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Sunday, July 28, 2013

This American Life celebrates episode #500

In honor of This American Life recently celebrating episode #500 I thought I would post my favorites. This is by no means in order or comprehensive as I have not listened to every episode. From roughly 2006-9 I listened to every episode. I try to listen to the program each week, but alas I haven't kept up as well as I would have liked.

"On a summer day in 1951, two baby girls were born in a hospital in small-town Wisconsin. The infants were accidentally switched, and went home with the wrong families."

One of the most interesting stories you will ever listen to. Nature vs. Nurture at its finest. Very compelling story in so many ways.

"A special program about the housing crisis produced in a special collaboration with NPR News. We explain it all to you. What does the housing crisis have to do with the turmoil on Wall Street? Why did banks make half-million dollar loans to people without jobs or income? And why is everyone talking so much about the 1930s?"

Easily the best explanation of the financial crisis. I felt like I could talk intelligently about it after listening and help others with myth vs. fact.

"We devote this entire episode to one story: Over the course of six months, reporter and TAL contributor Jack Hitt followed a group of inmates at a high-security prison as they rehearsed and staged a production of the last act—Act V—of Hamlet."

One of the most moving pieces by my favorite contributor. Very moving and emotional in ways you don't see coming.

"n 1912 a four year-old boy named Bobby Dunbar went missing in a swamp in Louisiana. Eight months later, he was found in the hands of a wandering handyman in Mississippi (the picture at left was taken just days later). Reporter Tal McThenia co-authored a book about the Bobby Dunbar story called A Case For Solomon."

Another gripping tale, showing what This American Life is best at, telling a moving story from many points of view.

Stories of kids using perfectly logical arguments, and arriving at perfectly wrong conclusions.

A few of very favorite stories are on this episode including my all time favorite story. We'll see if you can figure out which one it is.

"In 1980's New York City, rent is rising: it seems out of control, and residents struggle to keep up. So Jack Hitt helps organize tenants, and threatens a rent strike. This does not go over so well with his building super, who, as it turns out, is a very dangerous man."

Another Jack Hitt special with one of the greatest stories every told. It's funny, surprising, and dramatic all in one. Plus a few other really good tales.

"The right of habeas corpus has been a part of our country's legal tradition longer than we've actually been a country. It means that our government has to explain why it's holding a person in custody. But now, the War on Terror has nixed many of the rules we used to think of as fundamental. At Guantanamo Bay, our government initially claimed that prisoners should not be covered by habeas—or even by the Geneva Conventions—because they're the most fearsome enemies we have. But is that true? Is it a camp full of terrorists, or a camp full of our mistakes?"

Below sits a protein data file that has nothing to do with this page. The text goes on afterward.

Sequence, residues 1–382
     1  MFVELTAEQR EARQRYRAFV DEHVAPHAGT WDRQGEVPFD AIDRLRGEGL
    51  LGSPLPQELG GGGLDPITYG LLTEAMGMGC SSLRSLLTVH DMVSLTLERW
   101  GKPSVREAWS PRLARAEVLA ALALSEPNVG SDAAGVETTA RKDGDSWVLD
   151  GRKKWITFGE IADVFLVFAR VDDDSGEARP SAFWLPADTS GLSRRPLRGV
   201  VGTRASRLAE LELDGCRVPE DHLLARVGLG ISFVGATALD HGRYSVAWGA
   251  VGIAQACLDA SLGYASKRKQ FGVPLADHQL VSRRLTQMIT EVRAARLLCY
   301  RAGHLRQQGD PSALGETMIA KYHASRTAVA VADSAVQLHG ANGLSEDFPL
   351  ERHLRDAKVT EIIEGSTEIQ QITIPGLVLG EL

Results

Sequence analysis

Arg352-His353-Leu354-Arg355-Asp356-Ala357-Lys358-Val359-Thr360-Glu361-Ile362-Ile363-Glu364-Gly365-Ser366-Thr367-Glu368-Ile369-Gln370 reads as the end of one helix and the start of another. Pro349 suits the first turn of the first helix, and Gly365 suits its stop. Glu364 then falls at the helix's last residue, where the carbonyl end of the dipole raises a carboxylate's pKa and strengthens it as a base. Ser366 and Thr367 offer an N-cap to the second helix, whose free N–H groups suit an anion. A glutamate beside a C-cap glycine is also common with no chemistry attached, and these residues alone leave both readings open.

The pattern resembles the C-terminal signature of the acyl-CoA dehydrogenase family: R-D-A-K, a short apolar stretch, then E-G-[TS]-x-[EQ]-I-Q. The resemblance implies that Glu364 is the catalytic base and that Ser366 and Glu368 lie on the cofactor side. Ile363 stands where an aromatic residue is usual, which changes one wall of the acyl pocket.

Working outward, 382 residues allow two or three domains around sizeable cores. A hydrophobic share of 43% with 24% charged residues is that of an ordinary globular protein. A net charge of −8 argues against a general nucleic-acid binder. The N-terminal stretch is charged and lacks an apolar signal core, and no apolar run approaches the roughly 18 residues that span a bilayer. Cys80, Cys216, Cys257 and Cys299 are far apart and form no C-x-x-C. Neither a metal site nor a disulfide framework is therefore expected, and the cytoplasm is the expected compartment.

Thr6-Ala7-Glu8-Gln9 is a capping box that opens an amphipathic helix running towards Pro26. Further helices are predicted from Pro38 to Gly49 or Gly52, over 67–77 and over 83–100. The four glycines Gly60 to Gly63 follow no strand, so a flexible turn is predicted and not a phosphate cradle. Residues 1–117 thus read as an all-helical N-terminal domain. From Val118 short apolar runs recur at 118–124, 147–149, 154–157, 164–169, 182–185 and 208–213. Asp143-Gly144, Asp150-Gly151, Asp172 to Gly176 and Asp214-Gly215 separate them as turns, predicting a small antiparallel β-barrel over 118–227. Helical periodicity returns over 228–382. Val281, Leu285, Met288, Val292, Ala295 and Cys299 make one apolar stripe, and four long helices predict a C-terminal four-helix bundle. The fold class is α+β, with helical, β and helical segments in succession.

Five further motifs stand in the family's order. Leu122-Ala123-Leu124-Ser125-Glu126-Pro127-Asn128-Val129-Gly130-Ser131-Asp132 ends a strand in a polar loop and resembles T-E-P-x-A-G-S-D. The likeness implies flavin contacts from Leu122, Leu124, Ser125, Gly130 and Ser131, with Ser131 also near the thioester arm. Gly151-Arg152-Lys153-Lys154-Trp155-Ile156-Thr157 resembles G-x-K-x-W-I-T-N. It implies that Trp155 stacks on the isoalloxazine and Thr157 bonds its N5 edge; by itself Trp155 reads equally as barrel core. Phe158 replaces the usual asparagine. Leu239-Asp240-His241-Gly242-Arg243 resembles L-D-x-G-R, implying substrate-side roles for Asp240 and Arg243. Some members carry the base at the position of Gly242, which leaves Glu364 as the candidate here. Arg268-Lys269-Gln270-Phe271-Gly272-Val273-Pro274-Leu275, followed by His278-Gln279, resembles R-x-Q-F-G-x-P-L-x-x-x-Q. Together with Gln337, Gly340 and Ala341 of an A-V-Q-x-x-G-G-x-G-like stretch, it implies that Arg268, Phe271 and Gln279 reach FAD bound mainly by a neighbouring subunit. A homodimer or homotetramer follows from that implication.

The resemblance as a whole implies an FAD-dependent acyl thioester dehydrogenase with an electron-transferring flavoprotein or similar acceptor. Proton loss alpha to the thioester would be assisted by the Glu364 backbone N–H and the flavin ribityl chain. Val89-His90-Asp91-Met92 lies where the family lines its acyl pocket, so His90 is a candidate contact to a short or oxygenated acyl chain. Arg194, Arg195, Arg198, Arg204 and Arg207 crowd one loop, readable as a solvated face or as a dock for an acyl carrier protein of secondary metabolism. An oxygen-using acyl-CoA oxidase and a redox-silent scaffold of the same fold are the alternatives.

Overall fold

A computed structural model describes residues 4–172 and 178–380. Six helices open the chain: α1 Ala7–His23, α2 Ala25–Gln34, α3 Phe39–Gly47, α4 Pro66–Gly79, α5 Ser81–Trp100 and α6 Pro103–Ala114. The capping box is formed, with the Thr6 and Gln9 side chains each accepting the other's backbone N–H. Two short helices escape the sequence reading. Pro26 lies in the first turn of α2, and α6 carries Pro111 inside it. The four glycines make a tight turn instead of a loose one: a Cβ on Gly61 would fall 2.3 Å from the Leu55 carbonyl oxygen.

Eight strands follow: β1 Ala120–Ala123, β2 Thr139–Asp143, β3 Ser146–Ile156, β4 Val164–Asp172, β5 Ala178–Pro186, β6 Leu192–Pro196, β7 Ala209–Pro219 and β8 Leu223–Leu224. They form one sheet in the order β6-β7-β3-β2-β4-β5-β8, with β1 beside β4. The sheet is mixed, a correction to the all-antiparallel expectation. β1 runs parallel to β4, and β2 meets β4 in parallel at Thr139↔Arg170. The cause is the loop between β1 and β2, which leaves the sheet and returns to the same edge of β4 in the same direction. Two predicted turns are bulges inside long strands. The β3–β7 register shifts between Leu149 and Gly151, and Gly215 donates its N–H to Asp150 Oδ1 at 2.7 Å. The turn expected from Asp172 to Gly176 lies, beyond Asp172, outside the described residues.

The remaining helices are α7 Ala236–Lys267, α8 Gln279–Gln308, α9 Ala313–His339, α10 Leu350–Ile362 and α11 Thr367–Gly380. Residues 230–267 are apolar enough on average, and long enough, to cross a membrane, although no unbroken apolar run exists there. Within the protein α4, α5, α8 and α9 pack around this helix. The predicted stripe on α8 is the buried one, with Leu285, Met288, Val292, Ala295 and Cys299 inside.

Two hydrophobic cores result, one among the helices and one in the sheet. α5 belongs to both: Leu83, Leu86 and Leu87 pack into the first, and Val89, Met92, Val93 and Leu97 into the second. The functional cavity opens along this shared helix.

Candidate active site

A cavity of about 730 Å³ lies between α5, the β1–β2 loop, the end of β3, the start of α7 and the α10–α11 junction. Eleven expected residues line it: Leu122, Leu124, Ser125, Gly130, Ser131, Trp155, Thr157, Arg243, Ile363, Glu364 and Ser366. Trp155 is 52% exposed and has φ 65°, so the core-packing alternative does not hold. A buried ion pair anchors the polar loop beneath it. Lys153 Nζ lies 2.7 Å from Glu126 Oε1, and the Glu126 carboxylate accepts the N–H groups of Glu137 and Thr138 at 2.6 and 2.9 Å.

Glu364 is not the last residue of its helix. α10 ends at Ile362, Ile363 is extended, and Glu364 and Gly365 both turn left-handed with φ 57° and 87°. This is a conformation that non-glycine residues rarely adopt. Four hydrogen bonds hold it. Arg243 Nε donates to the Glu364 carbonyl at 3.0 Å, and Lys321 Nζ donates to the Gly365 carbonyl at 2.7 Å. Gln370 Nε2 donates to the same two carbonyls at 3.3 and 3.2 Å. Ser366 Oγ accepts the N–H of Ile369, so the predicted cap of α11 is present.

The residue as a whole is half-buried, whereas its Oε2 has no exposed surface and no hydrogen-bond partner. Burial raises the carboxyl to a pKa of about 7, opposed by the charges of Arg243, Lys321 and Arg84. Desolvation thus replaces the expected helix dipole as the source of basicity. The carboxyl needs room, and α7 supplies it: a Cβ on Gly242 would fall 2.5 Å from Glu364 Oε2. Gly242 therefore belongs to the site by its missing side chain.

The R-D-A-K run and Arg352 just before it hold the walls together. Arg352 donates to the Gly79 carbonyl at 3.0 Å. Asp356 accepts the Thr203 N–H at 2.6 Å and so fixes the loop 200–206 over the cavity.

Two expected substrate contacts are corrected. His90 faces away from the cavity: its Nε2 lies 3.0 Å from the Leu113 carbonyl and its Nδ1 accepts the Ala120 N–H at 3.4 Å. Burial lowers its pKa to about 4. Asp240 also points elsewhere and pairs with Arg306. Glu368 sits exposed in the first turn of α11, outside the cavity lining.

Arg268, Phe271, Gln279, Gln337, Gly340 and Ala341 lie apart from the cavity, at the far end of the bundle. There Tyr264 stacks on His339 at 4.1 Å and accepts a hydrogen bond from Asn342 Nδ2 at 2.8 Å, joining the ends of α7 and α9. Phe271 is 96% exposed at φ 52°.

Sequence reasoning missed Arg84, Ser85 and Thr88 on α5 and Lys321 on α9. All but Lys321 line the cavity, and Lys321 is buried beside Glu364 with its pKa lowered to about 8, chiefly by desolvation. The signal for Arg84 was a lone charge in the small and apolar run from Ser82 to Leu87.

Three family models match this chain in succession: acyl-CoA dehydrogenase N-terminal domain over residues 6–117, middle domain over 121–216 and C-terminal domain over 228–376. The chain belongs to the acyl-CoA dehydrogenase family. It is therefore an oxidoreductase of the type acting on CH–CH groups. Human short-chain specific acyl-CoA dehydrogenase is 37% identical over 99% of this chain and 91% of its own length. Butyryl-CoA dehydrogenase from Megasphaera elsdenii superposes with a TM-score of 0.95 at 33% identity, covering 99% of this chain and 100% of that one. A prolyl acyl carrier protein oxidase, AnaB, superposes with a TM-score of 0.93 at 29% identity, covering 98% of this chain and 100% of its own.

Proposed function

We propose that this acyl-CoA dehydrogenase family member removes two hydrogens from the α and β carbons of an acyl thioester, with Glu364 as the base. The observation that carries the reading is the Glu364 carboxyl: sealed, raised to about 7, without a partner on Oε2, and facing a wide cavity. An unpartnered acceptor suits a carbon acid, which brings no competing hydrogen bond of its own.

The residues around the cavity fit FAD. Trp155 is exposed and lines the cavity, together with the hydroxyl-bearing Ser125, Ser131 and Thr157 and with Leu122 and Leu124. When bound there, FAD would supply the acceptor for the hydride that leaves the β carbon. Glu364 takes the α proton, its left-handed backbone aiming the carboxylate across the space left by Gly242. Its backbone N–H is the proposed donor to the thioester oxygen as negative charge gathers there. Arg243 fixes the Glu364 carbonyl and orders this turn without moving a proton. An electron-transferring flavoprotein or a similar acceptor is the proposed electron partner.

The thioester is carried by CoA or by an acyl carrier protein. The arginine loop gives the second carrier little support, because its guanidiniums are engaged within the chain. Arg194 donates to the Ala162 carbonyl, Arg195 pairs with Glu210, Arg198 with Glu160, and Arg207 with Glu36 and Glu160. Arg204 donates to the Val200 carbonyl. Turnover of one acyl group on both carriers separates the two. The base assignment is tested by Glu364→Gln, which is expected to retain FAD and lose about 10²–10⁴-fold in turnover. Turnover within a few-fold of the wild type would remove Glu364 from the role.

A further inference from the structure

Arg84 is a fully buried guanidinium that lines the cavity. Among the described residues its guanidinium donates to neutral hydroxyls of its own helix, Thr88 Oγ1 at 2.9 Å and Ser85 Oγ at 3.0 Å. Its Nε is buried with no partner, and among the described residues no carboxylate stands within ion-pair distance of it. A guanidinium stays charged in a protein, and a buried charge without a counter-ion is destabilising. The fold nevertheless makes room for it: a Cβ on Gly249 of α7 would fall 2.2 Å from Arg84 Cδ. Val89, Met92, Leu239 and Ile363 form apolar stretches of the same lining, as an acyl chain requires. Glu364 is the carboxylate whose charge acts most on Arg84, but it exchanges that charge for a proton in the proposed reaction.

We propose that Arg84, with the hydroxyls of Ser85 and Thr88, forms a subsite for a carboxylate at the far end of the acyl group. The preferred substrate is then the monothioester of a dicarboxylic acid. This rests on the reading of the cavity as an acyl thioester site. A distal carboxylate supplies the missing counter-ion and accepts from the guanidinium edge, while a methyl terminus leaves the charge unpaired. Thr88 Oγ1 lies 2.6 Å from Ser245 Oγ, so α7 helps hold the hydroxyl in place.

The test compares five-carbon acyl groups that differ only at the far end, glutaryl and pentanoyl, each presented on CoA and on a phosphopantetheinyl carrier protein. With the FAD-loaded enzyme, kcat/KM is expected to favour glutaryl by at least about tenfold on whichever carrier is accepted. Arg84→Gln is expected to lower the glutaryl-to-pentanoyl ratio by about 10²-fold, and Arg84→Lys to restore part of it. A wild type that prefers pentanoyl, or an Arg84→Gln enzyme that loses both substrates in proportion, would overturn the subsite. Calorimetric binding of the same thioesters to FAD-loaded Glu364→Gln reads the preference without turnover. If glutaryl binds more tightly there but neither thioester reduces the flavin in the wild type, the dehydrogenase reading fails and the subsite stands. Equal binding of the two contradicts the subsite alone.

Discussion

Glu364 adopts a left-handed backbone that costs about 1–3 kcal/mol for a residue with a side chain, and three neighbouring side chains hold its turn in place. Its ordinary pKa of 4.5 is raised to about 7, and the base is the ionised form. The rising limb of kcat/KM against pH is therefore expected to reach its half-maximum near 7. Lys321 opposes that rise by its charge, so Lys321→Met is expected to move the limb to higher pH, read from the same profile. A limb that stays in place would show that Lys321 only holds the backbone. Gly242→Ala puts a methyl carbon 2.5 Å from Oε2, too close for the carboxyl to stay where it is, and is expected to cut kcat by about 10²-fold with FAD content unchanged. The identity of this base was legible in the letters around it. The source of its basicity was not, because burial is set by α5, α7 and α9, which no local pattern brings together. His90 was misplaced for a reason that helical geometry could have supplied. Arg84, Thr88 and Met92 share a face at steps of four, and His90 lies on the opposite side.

This won a 2006 peabody award. Again Jack Hitt at his best. You will be angered and upset and utterly amazed at the unfair situations in this episode.

"Writer David Sedaris recalls the days when his mother and sister played armchair detective — until a very odd crime wave hit within their own home. Plus, host Ira Glass goes out on surveillance with a real-life private eye."

Hilarious story from David Sedaris.

"When their seven-year-old caught the disease on an overseas trip, this decision became a whole community's problem. The outbreak infected 11 children and endangered many others. Also: Comedian Mike Birbiglia singlehandedly ruins a big charity event, and the disquieting truth about Amtrak's Quiet Car."

Great prologue, interesting story about vaccinations, and Mike Birbiglia is funny as always

"All the stories in this week's show center on personal recordings that one person made for just one other person."

Contains the infamous little mermaid recording. Shows the effects that going viral would mean in the future.

"This week we bring you backstage with comedy writers at The Onion. They start with over 600 potential headlines for their fake-news newspaper each week, and over the course of two days, in the very tough room that is their editorial conference room, they select 16 to go in the paper. Plus other people speaking their minds in very tough rooms."

Some great stuff on this one. Personal tie to the missionaries in New York. The Gladwell story is one of the best out there.

List wouldn't be complete without a nod to middle school
Middle School
This week, at the suggestion of a 14-year-old listener, we bring you stories from the awkward, confusing, hormonally charged world of middle school. Including a teacher who transforms peer pressure into a force for good, and reports from the frontlines of the middle school dance.

So there ya go. Some fun, moving, inspirational stories from the best program out there: This American Life
If you haven't listened, now is the time to start.

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